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Cancer Metastasis Rev. 1994 Jun;13(2):175-89.

Signaling and drug sensitivity.

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  • 1Department of Medicine, University of California San Diego, La Jolla, CA 92093-0812.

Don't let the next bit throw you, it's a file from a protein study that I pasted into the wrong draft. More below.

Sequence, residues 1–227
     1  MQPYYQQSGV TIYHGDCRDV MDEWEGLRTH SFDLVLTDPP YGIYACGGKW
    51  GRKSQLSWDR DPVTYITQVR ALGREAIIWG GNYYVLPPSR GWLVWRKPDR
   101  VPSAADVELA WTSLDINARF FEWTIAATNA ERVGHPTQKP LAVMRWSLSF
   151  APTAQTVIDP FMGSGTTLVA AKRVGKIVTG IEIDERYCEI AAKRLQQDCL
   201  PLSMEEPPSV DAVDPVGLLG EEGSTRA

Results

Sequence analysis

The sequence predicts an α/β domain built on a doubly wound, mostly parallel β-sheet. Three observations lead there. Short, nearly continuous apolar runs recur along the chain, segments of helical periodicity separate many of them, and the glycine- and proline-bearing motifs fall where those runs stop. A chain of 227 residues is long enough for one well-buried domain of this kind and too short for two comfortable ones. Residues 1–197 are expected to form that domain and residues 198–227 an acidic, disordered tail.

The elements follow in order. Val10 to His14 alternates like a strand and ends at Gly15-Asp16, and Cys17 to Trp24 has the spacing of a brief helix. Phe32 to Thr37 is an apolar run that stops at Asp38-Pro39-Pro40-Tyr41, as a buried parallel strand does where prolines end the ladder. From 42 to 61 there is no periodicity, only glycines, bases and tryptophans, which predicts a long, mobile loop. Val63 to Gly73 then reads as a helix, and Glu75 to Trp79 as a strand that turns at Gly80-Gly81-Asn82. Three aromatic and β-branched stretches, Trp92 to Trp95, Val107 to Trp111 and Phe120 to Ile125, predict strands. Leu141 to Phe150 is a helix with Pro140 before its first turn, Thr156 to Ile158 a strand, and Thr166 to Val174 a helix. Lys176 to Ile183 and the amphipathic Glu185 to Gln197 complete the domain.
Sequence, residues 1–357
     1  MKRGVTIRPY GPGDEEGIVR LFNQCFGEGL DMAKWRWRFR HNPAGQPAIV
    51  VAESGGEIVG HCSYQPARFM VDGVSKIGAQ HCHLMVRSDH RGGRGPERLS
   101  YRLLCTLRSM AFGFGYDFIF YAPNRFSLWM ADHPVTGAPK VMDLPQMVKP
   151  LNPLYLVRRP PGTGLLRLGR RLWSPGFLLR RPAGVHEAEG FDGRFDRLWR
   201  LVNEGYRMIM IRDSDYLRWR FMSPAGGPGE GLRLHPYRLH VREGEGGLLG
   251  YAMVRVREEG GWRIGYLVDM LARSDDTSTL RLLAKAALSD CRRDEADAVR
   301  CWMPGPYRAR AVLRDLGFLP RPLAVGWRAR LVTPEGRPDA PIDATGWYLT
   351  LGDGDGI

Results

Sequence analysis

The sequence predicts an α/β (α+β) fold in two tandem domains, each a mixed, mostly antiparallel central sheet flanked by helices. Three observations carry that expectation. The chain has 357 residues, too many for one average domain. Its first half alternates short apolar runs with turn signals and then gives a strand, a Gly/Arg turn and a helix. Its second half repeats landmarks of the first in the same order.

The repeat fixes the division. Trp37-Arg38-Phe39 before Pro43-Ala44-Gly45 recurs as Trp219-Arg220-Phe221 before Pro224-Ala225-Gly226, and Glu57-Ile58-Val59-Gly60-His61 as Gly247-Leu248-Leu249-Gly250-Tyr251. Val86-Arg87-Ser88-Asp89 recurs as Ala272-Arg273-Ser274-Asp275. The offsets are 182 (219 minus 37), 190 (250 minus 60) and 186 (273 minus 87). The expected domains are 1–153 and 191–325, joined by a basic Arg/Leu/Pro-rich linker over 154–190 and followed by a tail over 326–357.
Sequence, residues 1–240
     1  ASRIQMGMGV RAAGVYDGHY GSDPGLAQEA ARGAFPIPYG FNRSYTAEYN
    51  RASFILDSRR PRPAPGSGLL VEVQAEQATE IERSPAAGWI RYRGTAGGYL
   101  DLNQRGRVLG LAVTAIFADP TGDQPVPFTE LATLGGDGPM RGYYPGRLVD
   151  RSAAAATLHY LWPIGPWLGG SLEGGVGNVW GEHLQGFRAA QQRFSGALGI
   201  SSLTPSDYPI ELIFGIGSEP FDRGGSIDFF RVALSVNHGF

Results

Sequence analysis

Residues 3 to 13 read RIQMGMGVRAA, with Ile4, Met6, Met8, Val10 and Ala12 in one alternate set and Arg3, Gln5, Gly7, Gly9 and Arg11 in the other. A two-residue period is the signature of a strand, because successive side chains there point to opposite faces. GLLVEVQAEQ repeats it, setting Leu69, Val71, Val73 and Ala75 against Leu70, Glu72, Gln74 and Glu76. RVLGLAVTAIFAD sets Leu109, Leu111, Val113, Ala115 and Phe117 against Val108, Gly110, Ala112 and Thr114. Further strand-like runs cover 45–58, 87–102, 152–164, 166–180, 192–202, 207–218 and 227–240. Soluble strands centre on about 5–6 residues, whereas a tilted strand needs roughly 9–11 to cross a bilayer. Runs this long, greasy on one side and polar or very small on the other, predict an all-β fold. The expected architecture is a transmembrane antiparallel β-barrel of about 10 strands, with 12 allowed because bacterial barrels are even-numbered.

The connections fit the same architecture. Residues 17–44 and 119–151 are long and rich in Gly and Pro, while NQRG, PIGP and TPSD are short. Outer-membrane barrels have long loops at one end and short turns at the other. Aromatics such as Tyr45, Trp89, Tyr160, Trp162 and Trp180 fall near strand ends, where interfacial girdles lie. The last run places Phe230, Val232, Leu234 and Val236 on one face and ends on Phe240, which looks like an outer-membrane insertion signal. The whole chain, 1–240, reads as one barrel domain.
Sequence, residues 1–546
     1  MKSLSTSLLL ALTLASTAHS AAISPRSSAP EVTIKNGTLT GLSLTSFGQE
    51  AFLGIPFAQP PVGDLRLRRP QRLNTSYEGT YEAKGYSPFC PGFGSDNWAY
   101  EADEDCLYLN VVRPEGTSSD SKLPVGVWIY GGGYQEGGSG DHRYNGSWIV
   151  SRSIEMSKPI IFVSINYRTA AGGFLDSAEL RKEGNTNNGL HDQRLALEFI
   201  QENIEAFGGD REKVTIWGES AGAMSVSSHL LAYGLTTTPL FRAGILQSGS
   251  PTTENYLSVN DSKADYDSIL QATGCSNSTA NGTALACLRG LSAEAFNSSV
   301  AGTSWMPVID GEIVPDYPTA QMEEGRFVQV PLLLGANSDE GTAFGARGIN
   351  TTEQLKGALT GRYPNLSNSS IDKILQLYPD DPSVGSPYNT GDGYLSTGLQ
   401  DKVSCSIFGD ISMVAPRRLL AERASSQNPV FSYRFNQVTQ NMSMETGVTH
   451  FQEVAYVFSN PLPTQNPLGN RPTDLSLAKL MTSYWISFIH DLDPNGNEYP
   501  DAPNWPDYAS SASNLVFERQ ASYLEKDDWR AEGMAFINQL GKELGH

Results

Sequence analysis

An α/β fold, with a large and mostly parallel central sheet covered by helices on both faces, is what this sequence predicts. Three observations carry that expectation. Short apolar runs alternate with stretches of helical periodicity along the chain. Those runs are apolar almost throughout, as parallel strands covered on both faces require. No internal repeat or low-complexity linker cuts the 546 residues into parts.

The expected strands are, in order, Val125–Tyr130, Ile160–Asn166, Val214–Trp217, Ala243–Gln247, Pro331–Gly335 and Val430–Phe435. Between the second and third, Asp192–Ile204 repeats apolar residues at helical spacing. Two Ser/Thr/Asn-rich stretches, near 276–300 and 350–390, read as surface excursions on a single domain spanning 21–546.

Even though alterations in receptor and nonreceptor kinases are involved in the development of human cancer, many cancer cell lines still retain their responsiveness to growth factors. We have investigated the hypothesis that cellular signaling events regulate the sensitivity of cancer cells to chemotherapeutic agents. In 2008 human ovarian carcinoma cells, activation of a number of different transduction pathways resulted in a 2 to 4-fold increase in the sensitivity to cisplatin. These signaling events include pathways activated by the epidermal growth factor (EGF) receptor, tumor necrosis factor alpha (TNF alpha) receptor, bombesin receptor, protein kinase A (PKA), and protein kinase C (PKC). Enhanced sensitivity to chemotherapeutic agents is presumed to be mediated by phosphorylation of critical target protein(s). beta-tubulin has been identified as one such target for the protein kinase signaling cascade. For other signal transduction pathways the key substrates that regulate drug sensitivity have not yet been identified. Recent work has shown that DNA damaging agents activate signaling cascades one of which involves the Src, Ras, and Raf proteins as intermediates and results in induction of a number of genes, including c-fos, c-jun, and the growth arrest and DNA damage-inducible (gadd) genes. This signaling cascade has been shown to involve activation of protein kinase C and to have a protective function. With the growing understanding of how signaling events relate to damage response and drug sensitivity, new and potentially useful strategies for modulating drug sensitivity are evolving.

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